Kougarok Road (Nome–Taylor Highway)
Wildlife Viewing

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The official name is the Nome-Taylor Highway, but local residents call this scenic well-maintained gravel road the Kougarok Road. That’s because the road ends at the Kougarok River Bridge, about 25 miles shy of Taylor. From there, it becomes a rough trail passable only by foot or All Terrain Vehicle (ATV). Don’t be fooled by maps that show the road continuing on to Taylor.

The Kougarok Road begins at the edge of the Bering Sea, 1.6 miles east of Nome, and heads north for approximately 86 miles. Bisecting the spectacular Kigluaik Range, it crosses clear flowing streams and offers views up glacially-carved valleys. Past Salmon Lake, the terminus of the northernmost red salmon run, the road moves into the rolling lowlands of the central Seward Peninsula. Birders often make this journey in search of the elusive bristle-thighed curlew and brightly-colored bluethroat.

Much of the highway parallels the route of an old rail bed. In the early 1900s the Seward Peninsula Railroad hauled passengers and freight from Nome to the gold fields in the peninsula’s interior. The railroad saw use into the late 1950s until construction of the highway in 1960 opened the region to automobiles. You can still spot trestles and tracks, although some of the tracks were sold to Disneyland in the early 1960s.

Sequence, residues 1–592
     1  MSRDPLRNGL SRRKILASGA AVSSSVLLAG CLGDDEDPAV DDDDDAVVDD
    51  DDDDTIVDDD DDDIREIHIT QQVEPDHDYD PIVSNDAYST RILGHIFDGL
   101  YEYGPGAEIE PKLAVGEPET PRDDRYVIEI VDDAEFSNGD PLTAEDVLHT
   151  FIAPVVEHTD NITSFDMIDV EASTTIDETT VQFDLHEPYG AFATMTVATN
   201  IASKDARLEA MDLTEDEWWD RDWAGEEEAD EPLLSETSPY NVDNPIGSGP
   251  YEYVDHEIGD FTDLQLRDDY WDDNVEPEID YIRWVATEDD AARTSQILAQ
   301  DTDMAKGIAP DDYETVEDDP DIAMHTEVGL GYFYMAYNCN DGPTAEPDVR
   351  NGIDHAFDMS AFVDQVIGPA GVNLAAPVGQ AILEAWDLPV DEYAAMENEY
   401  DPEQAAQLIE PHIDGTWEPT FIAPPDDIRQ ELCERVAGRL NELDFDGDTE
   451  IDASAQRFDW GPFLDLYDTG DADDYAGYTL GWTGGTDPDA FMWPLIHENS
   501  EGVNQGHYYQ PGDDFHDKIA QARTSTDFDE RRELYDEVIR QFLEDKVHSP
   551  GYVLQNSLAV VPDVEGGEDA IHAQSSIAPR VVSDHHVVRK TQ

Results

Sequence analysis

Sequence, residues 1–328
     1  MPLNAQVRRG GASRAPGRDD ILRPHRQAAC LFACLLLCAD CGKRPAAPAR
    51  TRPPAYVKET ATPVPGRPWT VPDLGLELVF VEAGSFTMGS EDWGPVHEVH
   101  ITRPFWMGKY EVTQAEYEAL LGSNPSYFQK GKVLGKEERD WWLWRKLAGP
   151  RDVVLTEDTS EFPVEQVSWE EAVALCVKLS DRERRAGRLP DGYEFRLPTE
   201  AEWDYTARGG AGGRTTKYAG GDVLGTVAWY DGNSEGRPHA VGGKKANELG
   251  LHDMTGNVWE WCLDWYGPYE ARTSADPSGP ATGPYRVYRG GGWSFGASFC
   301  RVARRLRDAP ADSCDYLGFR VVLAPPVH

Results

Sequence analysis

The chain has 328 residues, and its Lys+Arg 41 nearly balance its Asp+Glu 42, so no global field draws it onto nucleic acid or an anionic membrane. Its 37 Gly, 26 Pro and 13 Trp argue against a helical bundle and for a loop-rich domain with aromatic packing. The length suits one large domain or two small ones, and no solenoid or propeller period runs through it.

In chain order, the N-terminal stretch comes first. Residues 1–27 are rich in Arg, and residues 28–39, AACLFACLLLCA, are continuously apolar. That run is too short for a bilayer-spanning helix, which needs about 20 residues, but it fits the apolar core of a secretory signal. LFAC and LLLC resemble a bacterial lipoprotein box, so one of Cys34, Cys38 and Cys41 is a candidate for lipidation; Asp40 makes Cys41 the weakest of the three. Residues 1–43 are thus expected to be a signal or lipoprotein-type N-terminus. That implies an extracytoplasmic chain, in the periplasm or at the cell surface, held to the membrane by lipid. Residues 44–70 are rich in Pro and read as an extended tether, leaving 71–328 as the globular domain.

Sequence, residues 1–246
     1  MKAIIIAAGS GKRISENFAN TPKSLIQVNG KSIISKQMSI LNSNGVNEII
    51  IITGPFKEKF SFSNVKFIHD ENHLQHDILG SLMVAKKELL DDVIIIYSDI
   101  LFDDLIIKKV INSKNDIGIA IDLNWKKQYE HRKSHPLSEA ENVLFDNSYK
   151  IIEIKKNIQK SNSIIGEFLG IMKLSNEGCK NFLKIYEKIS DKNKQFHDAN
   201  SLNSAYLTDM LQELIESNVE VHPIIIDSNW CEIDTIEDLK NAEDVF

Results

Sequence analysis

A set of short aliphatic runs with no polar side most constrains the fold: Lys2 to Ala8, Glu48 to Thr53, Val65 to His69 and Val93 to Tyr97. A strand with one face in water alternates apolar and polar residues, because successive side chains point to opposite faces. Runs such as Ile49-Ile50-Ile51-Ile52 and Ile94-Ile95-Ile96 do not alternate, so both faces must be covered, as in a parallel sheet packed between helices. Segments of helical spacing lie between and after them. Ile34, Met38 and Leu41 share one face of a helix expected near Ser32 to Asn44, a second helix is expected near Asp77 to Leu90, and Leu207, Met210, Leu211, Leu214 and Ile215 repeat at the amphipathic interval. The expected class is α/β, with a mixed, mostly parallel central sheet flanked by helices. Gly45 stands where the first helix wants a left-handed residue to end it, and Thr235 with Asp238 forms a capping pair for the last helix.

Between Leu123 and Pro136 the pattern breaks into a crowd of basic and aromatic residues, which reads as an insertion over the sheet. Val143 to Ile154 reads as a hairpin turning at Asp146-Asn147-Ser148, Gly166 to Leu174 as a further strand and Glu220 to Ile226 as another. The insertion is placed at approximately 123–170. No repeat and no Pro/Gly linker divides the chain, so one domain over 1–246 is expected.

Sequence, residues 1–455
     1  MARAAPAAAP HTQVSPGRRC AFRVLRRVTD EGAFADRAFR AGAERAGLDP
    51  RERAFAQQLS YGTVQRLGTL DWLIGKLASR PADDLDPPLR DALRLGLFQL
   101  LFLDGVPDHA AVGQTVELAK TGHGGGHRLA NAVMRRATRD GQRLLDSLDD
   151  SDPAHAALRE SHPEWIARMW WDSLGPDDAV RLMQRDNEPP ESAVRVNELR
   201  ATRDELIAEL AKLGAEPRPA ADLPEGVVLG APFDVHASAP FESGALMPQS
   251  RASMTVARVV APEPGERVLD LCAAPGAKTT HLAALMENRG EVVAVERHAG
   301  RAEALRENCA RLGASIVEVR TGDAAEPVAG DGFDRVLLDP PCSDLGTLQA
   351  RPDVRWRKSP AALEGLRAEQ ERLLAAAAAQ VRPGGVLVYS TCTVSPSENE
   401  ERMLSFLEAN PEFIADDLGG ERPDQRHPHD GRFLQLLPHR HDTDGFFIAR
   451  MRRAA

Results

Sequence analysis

Some Tips for the Road

  • Safety: Please don’t park on bridges. If you wish to view from a bridge, look for wide shoulders or a gravel pull-out for safe and easy parking.
  • Binoculars: With all roads in the region, it is difficult to identify specific viewing locations for wildlife – particularly grizzlies, moose, muskoxen and reindeer, as these animals are wide-ranging and can be found in a number of habitats. While you may be treated to a close encounter, you will enhance your viewing opportunities tremendously by carrying binoculars and stopping to scan the surrounding countryside, especially in areas where there is a mix of habitat types.
  • Orientation: The mileages listed are measured from the nearest green and white highway mileage markers generally placed at one mile intervals along the road. Some are missing, however, and the distance between them is not always exactly a mile but they remain the best point of reference.
  • Private property: You will pass by areas with seasonal camps and year-round or seasonal homes. Please respect people’s privacy and keep in mind that, whether inhabited or not, they are private property.